Different types of sensors in robotics are used for different purposes. Sensors are needed for robots to receive information about themselves and their physical environment. Now there are a great many: from sensors of mechanical quantities (linear, angular displacements, distance, acceleration, forces and moments) to technical vision systems, temperature, current, and voltage meters, light intensity, radioactive and magnetic fields, acoustic sensors, water detectors, and gas analyzers and others. Moreover, they all work on different physical principles that determine the range of conditions in which the required quality of measurements can be ensured.
For example, the distance to surrounding objects can be measured using sonars, infrared range finders, ToF cameras, radars or lidars (scanning laser range finders), that is, using radiations of different wavelengths. And if the former go blind on fuzzy surfaces, the latter begins to lie with background IR radiation, and still, others when measuring the distance to dark surfaces, then the lidars compare favorably in resolution and range, but they clearly lose in price. It is also clear that the choice of sensors depends on the environment of their intended use.
The reason is clear: accuracy and speed are needed, especially when trying to assess a dynamically changing environment (for example, distances to moving obstacles in autonomous navigation). And finding a middle ground between price and quality is a non-trivial scientific and technical challenge that free researchers, startups, and industry giants are trying to solve. One big jump has already been. Serious progress has been made with the advent of microelectromechanical (MEMS) systems, and this is attributed to the mass production of smartphones. If earlier robots used expensive and overall accelerometers and gyroscopes, then using MEMS sensors now even consumer robotics can be equipped with sensors. This is an example of enabling technology and how one area of technology affects the development of another.
Different types of sensors in robotics
In a sense, robots try to copy the senses that humans or animals have. But often robots have much more advanced systems. So, the vestibular apparatus of a person fixes a change in the position of the body or head, but there is no organ that would suggest how many angular minutes the knee or elbow bent or at what distance the object is from us with micron accuracy. Man does not need this, and in the current paradigm of development of robotics, this information does not interfere. Other examples may be related to magnetic field or radiation detectors.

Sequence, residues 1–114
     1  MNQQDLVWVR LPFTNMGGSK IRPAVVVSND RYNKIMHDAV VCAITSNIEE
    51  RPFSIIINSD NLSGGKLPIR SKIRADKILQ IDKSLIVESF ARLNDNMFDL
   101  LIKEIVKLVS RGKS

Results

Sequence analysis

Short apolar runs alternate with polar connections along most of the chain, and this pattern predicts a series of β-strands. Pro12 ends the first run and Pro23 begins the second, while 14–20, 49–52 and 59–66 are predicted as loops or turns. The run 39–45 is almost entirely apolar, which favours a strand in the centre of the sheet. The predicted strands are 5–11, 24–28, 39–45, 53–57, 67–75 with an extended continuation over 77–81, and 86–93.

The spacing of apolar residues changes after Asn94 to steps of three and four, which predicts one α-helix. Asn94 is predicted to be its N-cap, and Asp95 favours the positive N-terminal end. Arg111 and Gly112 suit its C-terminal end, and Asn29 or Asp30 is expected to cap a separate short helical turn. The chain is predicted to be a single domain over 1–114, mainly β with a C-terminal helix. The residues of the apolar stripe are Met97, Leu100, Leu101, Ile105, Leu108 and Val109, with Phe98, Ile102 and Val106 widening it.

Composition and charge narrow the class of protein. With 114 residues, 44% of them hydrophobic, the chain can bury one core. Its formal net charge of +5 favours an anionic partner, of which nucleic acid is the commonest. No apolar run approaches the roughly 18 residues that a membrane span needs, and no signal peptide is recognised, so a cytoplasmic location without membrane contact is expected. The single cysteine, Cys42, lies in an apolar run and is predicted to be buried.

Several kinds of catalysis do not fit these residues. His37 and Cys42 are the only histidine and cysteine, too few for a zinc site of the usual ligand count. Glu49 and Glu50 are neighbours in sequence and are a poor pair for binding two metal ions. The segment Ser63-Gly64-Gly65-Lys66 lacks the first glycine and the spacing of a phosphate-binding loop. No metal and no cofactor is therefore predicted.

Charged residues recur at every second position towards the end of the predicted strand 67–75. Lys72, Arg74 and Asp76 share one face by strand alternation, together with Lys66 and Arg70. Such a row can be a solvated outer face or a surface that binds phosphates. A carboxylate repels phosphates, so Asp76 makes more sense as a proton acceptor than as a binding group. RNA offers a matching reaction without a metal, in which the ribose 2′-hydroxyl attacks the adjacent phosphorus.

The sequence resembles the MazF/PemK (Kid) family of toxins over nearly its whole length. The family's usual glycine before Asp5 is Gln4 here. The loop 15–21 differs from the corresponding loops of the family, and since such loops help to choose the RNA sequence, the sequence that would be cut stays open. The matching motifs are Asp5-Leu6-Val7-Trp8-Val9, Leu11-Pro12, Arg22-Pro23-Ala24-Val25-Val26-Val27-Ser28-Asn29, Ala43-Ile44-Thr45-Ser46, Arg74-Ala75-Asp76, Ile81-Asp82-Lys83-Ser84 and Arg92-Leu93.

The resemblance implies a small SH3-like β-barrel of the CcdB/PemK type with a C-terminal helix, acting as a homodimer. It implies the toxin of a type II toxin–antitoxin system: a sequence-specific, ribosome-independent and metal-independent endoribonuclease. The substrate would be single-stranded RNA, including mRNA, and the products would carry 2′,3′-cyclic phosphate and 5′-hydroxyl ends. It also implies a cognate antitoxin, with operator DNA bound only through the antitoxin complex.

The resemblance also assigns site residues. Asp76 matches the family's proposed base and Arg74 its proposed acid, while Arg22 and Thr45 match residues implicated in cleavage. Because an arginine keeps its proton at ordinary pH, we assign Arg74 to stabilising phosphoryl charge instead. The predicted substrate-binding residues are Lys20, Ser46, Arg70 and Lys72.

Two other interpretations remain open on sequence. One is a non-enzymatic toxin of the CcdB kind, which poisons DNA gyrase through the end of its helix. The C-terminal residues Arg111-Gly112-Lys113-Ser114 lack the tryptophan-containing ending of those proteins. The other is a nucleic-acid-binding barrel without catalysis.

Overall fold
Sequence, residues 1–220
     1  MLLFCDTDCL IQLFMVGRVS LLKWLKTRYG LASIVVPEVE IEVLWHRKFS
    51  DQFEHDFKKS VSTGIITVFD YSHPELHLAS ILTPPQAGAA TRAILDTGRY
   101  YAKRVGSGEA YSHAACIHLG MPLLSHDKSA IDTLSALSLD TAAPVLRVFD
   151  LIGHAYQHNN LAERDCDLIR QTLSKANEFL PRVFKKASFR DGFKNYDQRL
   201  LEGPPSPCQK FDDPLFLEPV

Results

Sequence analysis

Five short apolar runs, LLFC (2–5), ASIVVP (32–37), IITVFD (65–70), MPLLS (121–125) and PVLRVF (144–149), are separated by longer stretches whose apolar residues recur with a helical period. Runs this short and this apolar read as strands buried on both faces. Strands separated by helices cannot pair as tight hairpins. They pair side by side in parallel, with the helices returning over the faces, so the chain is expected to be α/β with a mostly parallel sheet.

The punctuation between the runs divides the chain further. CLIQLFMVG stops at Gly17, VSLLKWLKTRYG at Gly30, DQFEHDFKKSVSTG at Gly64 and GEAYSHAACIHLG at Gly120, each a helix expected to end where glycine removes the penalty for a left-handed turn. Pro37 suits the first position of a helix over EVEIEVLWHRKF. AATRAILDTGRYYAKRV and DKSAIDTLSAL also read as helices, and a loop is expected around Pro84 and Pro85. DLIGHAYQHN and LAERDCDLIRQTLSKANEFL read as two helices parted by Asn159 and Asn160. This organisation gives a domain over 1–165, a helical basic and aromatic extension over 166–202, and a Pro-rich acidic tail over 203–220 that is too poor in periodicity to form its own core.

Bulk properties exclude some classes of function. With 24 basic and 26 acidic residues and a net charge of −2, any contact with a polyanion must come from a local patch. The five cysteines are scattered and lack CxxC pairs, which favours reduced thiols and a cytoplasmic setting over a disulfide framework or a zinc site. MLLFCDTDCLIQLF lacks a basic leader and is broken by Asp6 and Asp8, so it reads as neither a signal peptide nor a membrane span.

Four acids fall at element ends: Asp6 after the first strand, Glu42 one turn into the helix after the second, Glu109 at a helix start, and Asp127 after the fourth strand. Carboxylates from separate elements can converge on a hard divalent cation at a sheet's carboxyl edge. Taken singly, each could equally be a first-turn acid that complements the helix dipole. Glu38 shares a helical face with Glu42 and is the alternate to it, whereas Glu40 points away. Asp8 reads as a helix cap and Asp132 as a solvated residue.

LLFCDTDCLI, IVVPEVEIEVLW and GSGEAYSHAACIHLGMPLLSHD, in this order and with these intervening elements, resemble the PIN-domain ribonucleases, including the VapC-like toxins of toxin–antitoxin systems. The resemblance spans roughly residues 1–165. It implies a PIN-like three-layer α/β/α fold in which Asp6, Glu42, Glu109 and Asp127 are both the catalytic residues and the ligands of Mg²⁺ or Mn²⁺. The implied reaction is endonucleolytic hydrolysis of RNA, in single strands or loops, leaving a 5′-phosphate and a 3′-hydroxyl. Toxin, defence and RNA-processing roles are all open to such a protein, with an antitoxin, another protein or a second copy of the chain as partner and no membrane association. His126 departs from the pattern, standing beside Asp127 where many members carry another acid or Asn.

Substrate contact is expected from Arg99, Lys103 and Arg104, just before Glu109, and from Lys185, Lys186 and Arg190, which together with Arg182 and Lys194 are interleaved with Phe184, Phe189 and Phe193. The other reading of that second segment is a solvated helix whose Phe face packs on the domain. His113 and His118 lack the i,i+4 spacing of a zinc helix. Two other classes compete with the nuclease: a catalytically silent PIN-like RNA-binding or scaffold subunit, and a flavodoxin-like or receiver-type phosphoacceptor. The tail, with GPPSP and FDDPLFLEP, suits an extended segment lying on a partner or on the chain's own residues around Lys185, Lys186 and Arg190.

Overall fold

In general, robots can be divided into two types: locomotion and manipulation. The main task of the former is to move by themselves and move the payload or person over considerable distances, like drones, unmanned vehicles or boats do. The main task of the sensors, in this case, is to determine the robot’s own position in space, for example, based on data from odometry or global positioning systems, as well as location relative to surrounding objects. You can also add linear and angular acceleration sensors that provide a sense of balance, that is, orientation in a gravitational field.
The task of manipulation robots, which should functionally imitate hands, is to perform various operations with objects. Here the kinesthetic sensation that gives proprioceptive information, that is, feelings of position, movement, and strength, comes to the fore. That is, we need different types of sensors in robotics that allow us to determine the current configuration and speed of individual parts of the robot. As well as we need tactile and force-moment sensors. The latter are especially in demand to ensure reliable capture of objects of manipulation, as well as control of the forces of interaction with objects, environment, and man, for example, to perform contact operation efficiently and not damage the robot or injure a person who is nearby or in direct contact.
Of course, for all of these robots can be involved a huge number of auxiliary, “service” sensors from those listed earlier, the use of which depends on the particular application. Some of them give information about the internal state of the system (interoception), and some – about the environment (exteroception). In this context, it is worth mentioning separately that sensors for organizing human-robot interaction are extremely important.
Trends in robotics sensory
One of the current trends in the development of sensors for robots is the force moment sensation, the development of tactile sensors. Modern handling robots are less and less placed in separate cells behind iron fences or infrared curtains, not to mention service or personal robots. Progress is moving towards the creation of robots that can effectively and safely work in a dynamic, unstructured environment when it is impossible to arrange everything strictly in places once and for all and in close contact with humans.
Today, a lot of money has invested in making sensors of force-moment sensing affordable. Today, such strain-strain membranes, which can be localized in the joints of robots or installed between a robot and a working tool, cost tens of thousands of dollars, which significantly hinders their widespread adoption. Among manufacturers of such sensors now can be noted ATI, FUTEK, Kistler, and Hitec.
Attempts to replace such expensive elements are being made even now for a limited range of applications, as KUKA does, for example, using the two encoder schemes. New types of gauges are also proposed. For example, distributed sensors are being developed and tested, which are called artificial skin. The direction of haptic – feedback control by force – is powerfully developing in the USA, Switzerland, Germany, Korea, China, Japan, where there are large laboratories working in this field.